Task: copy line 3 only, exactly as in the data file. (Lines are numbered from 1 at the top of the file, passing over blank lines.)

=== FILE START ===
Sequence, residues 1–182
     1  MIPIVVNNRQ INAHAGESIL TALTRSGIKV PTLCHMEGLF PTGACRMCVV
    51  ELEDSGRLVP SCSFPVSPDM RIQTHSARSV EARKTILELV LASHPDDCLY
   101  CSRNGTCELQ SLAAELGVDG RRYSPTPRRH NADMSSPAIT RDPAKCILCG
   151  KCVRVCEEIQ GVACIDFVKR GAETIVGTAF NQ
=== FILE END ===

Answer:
    51  ELEDSGRLVP SCSFPVSPDM RIQTHSARSV EARKTILELV LASHPDDCLY